4. Separate bank account – Since debit cards are a way of life and much safer than cash I don’t feel bad giving each member of my family a card. However they do not get a card to the same account. I have an account set up with my name and the card holder’s name for each member of my family. That way I can look online and transfer money into their account, track their charges, and make sure everything is good to go.
As my children get older and are driving around this has been a big blessing. If they need gas money or other emergency funds I can easily transfer exactly the amount I want them to use into their account. I also have their accounts blocked so that there are no overdrafts or large cash withdrawals allowed in case they lose their card or it is stolen.
I also have separate accounts for bills and for the slush fund. Because I can’t always control when the bills will come out exactly I do not want to accidentally eat into the bill money and then be surprised. By keeping the bill money separate I always have everything ready to go.
5. Money orders – Even in this modern day world there are some businesses and bills that require you pay by check or money order or charge a large fee for online payments. Always go for the money order! At my bank money orders are free if you have an account so it is no problem for me to stop by and get what I need. Yes it is a trip to the bank but it is not far out of my way and, in one case, saves me twelve dollars a month! A trip to the bank and a stamp is far less expensive. Money orders are much better than checks because they come out right away. A check might take weeks or even months to come out of your account and then you are in for a shock.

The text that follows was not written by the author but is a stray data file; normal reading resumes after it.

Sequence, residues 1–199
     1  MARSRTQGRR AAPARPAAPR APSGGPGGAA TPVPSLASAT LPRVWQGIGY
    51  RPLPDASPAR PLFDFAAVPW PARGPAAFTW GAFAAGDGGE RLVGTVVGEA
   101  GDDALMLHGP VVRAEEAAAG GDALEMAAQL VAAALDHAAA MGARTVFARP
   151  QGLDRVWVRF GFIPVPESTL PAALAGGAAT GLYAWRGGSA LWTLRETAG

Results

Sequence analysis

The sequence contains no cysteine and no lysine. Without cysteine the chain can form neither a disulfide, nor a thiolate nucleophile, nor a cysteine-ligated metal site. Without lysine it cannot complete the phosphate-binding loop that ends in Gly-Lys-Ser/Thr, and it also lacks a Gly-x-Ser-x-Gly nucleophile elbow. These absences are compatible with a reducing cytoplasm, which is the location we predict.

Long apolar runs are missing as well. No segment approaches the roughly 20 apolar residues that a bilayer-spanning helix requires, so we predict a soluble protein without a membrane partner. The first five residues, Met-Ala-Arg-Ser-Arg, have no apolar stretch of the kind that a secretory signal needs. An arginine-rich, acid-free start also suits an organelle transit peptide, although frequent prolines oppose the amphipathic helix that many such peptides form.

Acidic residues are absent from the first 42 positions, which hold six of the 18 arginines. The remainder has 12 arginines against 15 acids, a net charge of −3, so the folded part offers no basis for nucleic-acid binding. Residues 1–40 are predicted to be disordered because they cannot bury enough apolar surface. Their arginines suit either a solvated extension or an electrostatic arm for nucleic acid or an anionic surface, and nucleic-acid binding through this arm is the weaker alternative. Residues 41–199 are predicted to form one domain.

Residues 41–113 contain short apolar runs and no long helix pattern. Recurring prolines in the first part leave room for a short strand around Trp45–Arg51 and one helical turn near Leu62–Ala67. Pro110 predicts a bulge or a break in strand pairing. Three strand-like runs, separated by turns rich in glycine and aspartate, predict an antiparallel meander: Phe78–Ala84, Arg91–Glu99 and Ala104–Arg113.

6. Break it down – This all might seem complex to someone who did not set up the budget. When I explained it to my spouse and kids they looked confused. So I broke it down to make it easier to see. By showing how much money is left from each paycheck for free use my family could grasp how important it was to use that money wisely. If our children needed something, like one needed new shoes and another child needed a battery for her car, then we could set priorities and figure out when in the month was the best time to get those items. Or we could choose to put one of them off until the next month. A vacation, a broken down car, or a doctor’s visit could mean restructuring our plans, but it was no longer overwhelming and confusing. It was easy to see where the money was being spent and what we needed to change.
As you can see setting up a family budget does not have to be complex or time consuming. It is all a matter of lining up your income with what you spend and seeing where the money goes. Once you have a budget set up you will be surprised by how much more money you can save and how frugal you can become without it making a big impact on your style of living.
Ken Myers is a father, husband, and entrepreneur. He has combined his passion for helping families find in-home care with his experience to build a business. Learn more about him by visiting @KenneyMyers on Twitter.